At a Glance
The first 42-inch plasma 1080p set is great where it counts--in the picture. It earned particularly high marks for HD.
You might expect the only 1080p plasma in our November issue's HDTV roundup--and the first 42-inch 1080p plasma ever--to outshine its eleven competitors in image quality. It did: PC World's jury rated its picture higher than that of any other TV, with high marks for overall picture quality in high-definition broadcasts and in disc-based content (Blu-ray, HD-DVD, and plain old DVD). I was particularly impressed by the superb detail, especially in people's skin and hair.
The TH-42PZ700U's performance wasn't quite as impressive in our standard-def broadcast test. Colors here didn't pop out of the screen as vividly as they did with the top-scoring set in this measure, the Vizio VP42, but the overall image was certainly acceptable. It managed considerably better with a standard-def DVD.
But to get a good picture, you must set up the TV properly, and the TH-42PZ700U's unintuitive on-screen menus don't make this job any easier. For instance, in the Language section, with only 'English' displayed, I clicked OK. Nothing happened. I clicked the left arrow to go back to the previous menu, and the language selection switched to 'French'. After using the right arrow to return to 'English', I had to click the tiny Return button off to the side to go back a menu.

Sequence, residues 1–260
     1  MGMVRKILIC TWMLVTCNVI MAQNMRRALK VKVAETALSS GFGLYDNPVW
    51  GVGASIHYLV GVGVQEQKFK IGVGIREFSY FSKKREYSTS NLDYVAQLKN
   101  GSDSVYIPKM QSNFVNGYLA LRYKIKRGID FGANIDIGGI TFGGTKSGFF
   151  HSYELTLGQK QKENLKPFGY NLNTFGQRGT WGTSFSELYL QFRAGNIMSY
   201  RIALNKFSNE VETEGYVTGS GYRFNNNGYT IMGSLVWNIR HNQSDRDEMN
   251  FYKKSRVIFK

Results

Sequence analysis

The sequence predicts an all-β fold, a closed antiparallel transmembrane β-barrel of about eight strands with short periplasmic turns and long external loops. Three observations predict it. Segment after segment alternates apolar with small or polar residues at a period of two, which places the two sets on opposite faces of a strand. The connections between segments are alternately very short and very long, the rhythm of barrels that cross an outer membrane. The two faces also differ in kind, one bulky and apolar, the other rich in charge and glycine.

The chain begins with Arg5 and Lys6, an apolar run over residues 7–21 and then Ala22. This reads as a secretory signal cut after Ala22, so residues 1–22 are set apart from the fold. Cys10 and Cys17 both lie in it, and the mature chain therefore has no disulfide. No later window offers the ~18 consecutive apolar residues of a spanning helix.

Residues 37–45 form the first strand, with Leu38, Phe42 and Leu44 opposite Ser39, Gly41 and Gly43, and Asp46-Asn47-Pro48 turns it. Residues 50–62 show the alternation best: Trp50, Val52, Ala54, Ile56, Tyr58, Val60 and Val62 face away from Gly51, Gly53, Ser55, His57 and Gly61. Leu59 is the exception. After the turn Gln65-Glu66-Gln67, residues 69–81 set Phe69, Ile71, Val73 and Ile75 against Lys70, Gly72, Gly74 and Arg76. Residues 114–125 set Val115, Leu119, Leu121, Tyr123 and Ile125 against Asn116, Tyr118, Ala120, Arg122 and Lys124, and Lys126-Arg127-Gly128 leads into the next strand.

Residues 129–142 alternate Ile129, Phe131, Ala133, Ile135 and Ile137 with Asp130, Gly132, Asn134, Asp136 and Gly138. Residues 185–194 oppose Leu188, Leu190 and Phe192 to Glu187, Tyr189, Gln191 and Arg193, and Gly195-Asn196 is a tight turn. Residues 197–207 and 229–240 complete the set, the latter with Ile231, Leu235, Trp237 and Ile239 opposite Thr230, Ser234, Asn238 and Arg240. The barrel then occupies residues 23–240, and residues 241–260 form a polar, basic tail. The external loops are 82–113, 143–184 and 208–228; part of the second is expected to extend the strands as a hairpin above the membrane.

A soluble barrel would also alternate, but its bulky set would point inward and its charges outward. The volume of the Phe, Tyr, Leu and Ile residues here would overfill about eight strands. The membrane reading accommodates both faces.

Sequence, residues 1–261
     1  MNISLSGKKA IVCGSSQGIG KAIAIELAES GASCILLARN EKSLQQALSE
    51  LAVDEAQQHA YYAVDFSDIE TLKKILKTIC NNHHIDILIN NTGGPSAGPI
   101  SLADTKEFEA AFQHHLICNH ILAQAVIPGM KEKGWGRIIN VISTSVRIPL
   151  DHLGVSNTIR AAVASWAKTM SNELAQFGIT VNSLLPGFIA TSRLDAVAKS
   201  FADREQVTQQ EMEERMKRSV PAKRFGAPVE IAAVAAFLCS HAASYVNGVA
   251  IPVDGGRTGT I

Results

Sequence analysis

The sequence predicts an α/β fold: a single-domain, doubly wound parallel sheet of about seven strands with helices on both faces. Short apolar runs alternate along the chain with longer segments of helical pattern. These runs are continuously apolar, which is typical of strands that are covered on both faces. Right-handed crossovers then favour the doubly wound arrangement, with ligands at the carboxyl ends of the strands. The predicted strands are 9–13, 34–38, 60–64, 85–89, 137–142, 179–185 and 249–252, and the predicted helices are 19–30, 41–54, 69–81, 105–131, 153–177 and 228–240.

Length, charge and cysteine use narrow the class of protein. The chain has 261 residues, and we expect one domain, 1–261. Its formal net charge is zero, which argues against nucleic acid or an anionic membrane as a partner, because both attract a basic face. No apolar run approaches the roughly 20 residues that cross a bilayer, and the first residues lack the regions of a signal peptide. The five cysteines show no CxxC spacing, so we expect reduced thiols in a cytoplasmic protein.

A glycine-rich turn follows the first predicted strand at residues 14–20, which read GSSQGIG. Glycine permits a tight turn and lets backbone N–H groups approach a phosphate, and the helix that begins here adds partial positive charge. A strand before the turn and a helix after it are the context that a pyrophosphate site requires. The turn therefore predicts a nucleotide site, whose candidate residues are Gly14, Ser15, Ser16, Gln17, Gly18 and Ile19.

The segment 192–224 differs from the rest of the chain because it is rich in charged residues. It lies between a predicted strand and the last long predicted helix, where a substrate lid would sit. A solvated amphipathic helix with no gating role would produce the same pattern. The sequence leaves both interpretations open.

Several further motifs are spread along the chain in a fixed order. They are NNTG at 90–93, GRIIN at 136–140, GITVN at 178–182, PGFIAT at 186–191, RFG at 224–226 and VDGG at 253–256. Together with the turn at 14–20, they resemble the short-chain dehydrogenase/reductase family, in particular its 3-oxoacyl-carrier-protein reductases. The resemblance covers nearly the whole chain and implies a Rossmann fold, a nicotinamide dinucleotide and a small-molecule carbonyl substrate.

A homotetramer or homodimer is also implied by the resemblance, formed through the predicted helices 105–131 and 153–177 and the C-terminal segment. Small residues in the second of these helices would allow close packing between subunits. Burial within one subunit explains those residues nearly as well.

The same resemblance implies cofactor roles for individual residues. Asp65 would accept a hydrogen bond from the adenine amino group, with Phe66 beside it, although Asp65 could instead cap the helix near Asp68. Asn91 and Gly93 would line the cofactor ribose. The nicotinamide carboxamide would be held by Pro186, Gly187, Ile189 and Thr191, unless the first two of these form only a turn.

On the bright side, the menu for labeling input devices gives you the option of skipping them, which makes going from one input to another easier. (It would have been easier still if the TV automatically skipped the unoccupied ports.)
Physically, this television is easy to set up, with most of the inputs on the back and facing outward. The exception is the single coaxial connector, which faces down. A flap on the front conceals extra component video and S-Video inputs, plus controls. Another front flap hides a smart-card reader for viewing photos right out of the camera.
Panasonic's large, heavy, programmable remote feels clunky, and the lower half has too many buttons, but your fingers go naturally to channel surfing and volume controls.